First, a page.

Two Fridays ago, just before the art world split for the holiday break, news broke that has had even market insiders, in vacation spots from St. Moritz to St. Barts to Aspen, scratching their heads: Simon de Pury, who has been very much the public face of the Phillips de Pury & Co. auction house for the past 12 years as chairman and head auctioneer, was parting ways with the company, effective immediately. Mercury, the Russian luxury goods firm that bought a majority stake in the company in late 2008, had acquired Mr. de Pury’s remaining shares, a press release announced. In January, the 200-plus-year-old company’s name will go back to Phillips. An e-mail sent to art world colleagues by Mr. de Pury’s wife, Michaela Neumeister, a specialist at Phillips for 12 years, indicated that she, too, was departing.
The press release came with statements from Mr. de Pury and Phillips’s CEO, Michael McGinnis. But still, many were puzzled. One person who saw Mr. de Pury shortly after Art Basel Miami Beach, which ran the first full week of December, told Gallerist, “Surely I would have gotten some vibe from him. But I didn’t. I’m baffled.”
Last Friday, a week after the news was announced, Gallerist spoke with Mr. McGinnis, Phillips’s longtime head of contemporary art, who was promoted to CEO in early October. Mr. de Pury’s departure, he said, did not come as the result of any agreement to leave after he stayed for a period following Mercury’s initial majority stock purchase; it simply coincided with the final buyout of his stake. “As a partner myself in that transaction,” Mr. McGinnis said, referring to the initial purchase by Mercury, “every partner had an obligation to stay [for a certain period of time]. The expectation was that everyone would continue working and being productive. None of the partners were given a time line according to which they then had to depart.” His understanding is that Mr. de Pury even stayed longer than he was required to. It was a friendly parting, he said, and there may even be projects Phillips works on with its former chairman. “He left on completely amicable terms,” Mr. McGinnis added. “There is nothing to say we won’t collaborate going forward. We’ve had an amazing relationship.”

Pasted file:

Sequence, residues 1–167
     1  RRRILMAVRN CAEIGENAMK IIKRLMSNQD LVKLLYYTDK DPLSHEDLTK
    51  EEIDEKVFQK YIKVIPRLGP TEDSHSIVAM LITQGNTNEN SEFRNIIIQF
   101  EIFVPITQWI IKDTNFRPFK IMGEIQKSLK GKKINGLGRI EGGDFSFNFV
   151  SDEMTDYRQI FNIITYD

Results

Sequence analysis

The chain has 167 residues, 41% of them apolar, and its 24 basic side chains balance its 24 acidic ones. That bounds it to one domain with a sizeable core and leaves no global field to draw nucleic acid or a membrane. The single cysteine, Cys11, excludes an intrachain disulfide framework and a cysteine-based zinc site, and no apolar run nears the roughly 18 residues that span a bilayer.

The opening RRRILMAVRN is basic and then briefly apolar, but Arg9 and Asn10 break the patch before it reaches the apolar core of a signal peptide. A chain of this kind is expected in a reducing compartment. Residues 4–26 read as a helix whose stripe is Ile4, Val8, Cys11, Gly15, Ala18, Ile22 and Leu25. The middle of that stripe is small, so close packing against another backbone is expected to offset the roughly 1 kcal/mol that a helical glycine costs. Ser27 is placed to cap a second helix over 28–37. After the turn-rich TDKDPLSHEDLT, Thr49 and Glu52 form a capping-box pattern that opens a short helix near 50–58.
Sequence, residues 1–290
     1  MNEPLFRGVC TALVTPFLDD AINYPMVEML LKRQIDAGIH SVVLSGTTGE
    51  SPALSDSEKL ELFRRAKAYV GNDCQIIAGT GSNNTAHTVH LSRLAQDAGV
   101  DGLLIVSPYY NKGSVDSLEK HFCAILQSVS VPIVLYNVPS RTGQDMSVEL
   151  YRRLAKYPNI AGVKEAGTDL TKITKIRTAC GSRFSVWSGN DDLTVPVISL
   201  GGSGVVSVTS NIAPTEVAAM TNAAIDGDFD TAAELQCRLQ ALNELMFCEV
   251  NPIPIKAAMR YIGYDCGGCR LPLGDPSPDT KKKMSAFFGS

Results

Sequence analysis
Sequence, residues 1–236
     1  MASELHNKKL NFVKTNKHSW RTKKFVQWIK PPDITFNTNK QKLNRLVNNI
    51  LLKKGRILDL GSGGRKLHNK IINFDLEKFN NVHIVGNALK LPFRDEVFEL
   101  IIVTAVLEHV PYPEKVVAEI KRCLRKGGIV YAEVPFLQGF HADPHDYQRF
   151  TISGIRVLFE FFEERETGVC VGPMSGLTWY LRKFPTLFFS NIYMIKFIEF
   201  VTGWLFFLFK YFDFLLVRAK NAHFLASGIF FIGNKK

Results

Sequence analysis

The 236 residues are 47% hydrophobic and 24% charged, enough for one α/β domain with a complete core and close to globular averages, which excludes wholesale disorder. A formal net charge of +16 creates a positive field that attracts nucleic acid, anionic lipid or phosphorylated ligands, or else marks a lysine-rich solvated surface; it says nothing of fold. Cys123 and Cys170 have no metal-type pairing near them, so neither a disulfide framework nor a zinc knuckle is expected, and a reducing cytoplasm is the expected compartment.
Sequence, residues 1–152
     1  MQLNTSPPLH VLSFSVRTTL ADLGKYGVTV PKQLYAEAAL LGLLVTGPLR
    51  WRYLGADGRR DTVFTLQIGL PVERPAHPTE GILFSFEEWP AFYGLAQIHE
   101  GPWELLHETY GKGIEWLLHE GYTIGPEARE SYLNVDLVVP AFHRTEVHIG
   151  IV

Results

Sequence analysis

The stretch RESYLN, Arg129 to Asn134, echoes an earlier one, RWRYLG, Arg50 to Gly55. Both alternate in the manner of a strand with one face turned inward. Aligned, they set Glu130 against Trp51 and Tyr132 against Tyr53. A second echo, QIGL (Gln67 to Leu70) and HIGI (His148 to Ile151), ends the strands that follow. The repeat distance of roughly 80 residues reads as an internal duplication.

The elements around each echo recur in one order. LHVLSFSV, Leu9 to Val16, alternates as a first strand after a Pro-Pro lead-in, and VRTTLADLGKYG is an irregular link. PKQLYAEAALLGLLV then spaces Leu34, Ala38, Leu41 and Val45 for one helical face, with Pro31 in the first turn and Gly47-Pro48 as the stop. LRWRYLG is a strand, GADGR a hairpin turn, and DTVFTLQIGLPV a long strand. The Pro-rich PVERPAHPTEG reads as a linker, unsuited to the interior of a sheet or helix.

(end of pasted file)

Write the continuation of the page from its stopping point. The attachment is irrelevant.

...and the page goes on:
Mr. de Pury’s stint at Phillips has been an eventful one, as the company struggled to find its niche. He made his first appearance there in November 2000, as a guest auctioneer. The company had been purchased by the Bernard Arnault-owned French luxury goods conglomerate Louis Vuitton Moët Hennessy (LVMH) the previous year, and Mr. Arnault clearly had plans to make the house competitive with Christie’s and Sotheby’s. In June 1999, LVMH hired Mr. McGinnis away from Christie’s to start a contemporary art department. (“I left there on a Friday and started at Phillips on Monday,” Mr. McGinnis recalled.) Bringing in Mr. de Pury was another sign of ambition: he was a powerful, charismatic figure in the auction world, a former chairman of Sotheby’s Europe who had left in 1997 along with a Sotheby’s colleague, Daniella Luxembourg, to start De Pury & Luxembourg, a private art dealership in Zurich.
Phillips turned out to be anything but a temporary gig for Mr. de Pury. A few months later, it was revealed that at the time of that November auction, LVMH had already been in talks with him about acquiring De Pury & Luxembourg and merging it with Phillips. The new company was christened Phillips, de Pury & Luxembourg, and Mr. de Pury was appointed chairman. There would be a full roster of sales in Impressionist and modern art, contemporary art, jewelry, watches, 20th- and 21st-century design, photography and European furniture. Some high-profile sales were staged, and a snazzy new headquarters opened on 57th Street, but all was not well. The bursting of the dot-com bubble and the aftermath of September 11 resulted in an art market slump—and LVMH was rumored to be losing money on its investment in Phillips. In 2002, the company sold its majority stake, and Mr. de Pury and Ms. Luxembourg acquired a majority stake of 72.5 percent. Mr. de Pury named his then-girlfriend, multimillionaire Louise MacBain (now publisher of Art+Auction magazine), as CEO.